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CSS Promotes Information Sharing Among Wyoming Conservation Partners

Sage Grouse photo
Greater sage grouse are among Wyoming's many wildlife resources.
While traveling Interstate 80 through southwestern Wyoming, you might look around and conclude there's not much going on in sagebrush country. But hidden from immediate view is a landscape undergoing rapid change and development. Mineral reserves are plentiful in Wyoming. The Green River Basin contains the largest trona ore reserve in the world. Approximately 15 million tons of coal are mined annually. Finally, enough natural gas is extracted each year to heat more than 4 million homes. This part of Wyoming is also home to some of the nation's best wildlife resources including elk (about 40,000), pronghorn (upwards of 100,000), mule deer (100,000), greater sage grouse, and a variety of fish and other non-game species. Added to this mix are more than 1,700 family farms and ranches supporting 225,000 cattle and 120,000 sheep.

Enter the Wyoming Landscape Conservation Initiative (WLCI), a partnership of federal, state, and local governments, including the USGS, which strives to assess and enhance aquatic and terrestrial habitats while facilitating responsible development. The WLCI is made up of multi-agency teams that facilitate different aspects of the WLCI mission. One such team is the Data and Information Management Team (DIMT).

Led by Natalie Latysh of the USGS Core Science Systems (CSS) Mission Area, the DIMT promotes information sharing among WLCI partners by guiding development and use of effective data management practices. Through monthly meetings, the DIMT works to promote data sharing among WLCI partners and helps expose the benefits of thoughtful and methodical data management.

One way that CSS is aiding the DIMT in its data and information sharing is working with researchers at the USGS Fort Collins Science Center (FORT) in Fort Collins, CO, and with WLCI's many partners to provide a network of commercial and open source tools.

At the forefront of this effort is ScienceBase, a data cataloging and collaborative data management framework that provides an information "portal" for USGS and partner agency managers and scientists to search for, assess, and acquire relevant data. ScienceBase is used by multiple science projects throughout the country like the Upper Colorado River Basin, the Southern California Multi-hazards Demonstration Project, and the Great Northern Landscape Conservation Cooperative. Rather than building stovepipe solutions, ScienceBase uses successes from each project to build a system relevant and useful for all.

As for the staffing behind many of these efforts, CSS has set itself apart from traditional computer science organizations by seeking out research scientists from a variety of backgrounds. Abby Benson graduated from California State University, Fullerton, with an MS in Biological Science. Her master's research focused on ground squirrel demographics on prairie dog colonies and she has participated as a technician on a range of ecological studies. By including scientists with broad backgrounds in its cadre of information professionals, CSS can provide informed insight into data management from the perspective of research scientists as well as computer scientists. Robust knowledge of the on-the-ground research process leads to better understanding of the data being collected and, therefore, better assistance with the management of that data.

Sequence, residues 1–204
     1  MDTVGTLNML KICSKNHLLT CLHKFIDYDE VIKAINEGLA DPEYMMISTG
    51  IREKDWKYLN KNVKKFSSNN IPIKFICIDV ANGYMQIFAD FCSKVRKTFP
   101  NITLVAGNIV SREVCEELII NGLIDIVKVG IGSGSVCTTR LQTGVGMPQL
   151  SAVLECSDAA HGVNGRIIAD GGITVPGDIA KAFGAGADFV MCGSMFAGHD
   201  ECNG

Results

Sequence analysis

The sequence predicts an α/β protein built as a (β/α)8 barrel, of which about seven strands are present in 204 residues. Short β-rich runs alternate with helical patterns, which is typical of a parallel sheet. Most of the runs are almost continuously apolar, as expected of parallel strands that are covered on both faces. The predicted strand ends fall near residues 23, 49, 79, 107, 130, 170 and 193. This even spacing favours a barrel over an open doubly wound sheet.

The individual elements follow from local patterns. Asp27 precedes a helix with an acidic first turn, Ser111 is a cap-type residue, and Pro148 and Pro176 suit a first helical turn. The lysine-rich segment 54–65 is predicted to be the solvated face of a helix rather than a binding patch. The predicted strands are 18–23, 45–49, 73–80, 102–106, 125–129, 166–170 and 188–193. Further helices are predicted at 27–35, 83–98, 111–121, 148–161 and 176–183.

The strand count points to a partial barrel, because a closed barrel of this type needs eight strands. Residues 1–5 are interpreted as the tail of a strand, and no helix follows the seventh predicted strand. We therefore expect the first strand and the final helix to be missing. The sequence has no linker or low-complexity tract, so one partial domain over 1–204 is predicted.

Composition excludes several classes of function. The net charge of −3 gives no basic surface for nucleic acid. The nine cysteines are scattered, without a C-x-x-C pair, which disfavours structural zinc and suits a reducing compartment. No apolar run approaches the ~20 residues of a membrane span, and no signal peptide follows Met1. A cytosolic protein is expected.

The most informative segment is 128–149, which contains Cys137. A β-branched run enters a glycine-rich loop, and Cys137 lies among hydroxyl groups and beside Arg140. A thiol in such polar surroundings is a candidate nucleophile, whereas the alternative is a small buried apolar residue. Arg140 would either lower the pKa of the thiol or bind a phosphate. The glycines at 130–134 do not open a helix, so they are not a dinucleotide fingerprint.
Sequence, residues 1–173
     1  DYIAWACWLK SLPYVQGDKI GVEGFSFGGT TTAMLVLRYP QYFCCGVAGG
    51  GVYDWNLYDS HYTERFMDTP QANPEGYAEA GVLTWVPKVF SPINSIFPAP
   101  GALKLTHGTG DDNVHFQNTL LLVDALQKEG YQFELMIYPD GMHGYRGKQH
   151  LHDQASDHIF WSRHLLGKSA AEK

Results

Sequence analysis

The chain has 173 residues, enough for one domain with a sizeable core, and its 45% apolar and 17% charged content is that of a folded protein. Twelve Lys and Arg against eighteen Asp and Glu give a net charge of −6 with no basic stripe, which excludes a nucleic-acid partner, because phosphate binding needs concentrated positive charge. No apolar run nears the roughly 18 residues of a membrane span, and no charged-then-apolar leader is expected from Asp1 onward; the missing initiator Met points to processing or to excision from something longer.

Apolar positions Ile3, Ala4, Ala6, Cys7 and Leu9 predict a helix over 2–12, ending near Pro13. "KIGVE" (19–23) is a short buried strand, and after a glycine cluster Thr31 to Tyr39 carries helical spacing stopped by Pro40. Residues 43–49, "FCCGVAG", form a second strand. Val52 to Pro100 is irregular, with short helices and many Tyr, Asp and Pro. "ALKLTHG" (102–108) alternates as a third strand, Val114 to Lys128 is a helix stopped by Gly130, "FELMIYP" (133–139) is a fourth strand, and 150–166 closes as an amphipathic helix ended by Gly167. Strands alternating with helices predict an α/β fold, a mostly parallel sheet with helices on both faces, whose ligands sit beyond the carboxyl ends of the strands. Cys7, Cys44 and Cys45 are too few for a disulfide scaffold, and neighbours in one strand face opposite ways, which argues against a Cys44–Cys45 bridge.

Recently, a unique opportunity arose for Abby to go out into the field and assist with data collection for the WLCI. Researcher Pat Anderson at FORT needed assistance with a vegetation study associated with sage grouse. In the late 1990s, land managers had applied treatments to different areas in southwestern Wyoming meant to improve wildlife habitat. Treatments included herbicide application and mowing to reduce and remove sagebrush. As far as anyone knew, no one had yet gone back to those remote sites to test whether or not this approach was effective in developing the structure and abundance of forbs and grasses that would increase wildlife usage of these areas. Pat designed a rigorous scientific study to assess the vegetative composition in those areas as well as in control sites. Abby was invited to participate on Pat's vegetative assessment team for two weeks in July. Days out in the field are usually 10–14 hours long and the weather can be fickle, especially with the convective thunderstorms that roll over the landscape bringing heavy rain and lightning. Still, the sheer number of hours spent working outside afforded the possibility of glimpsing rare events such as seeing an elusive pygmy rabbit in the wild. With the full support of CSS, Abby was sold!

Multi-agency partnerships provide a unique opportunity to accomplish goals that would be unreachable via any other method. Although trying to get everyone on the same page can be a difficult task, with the help of ScienceBase and other commercial and open source tools offered by CSS, collaboration and consensus can truly become a reality. CSS is pioneering the use of cutting-edge tools combined with a multi-talented workforce to help ensure that USGS science underpins resource decision making.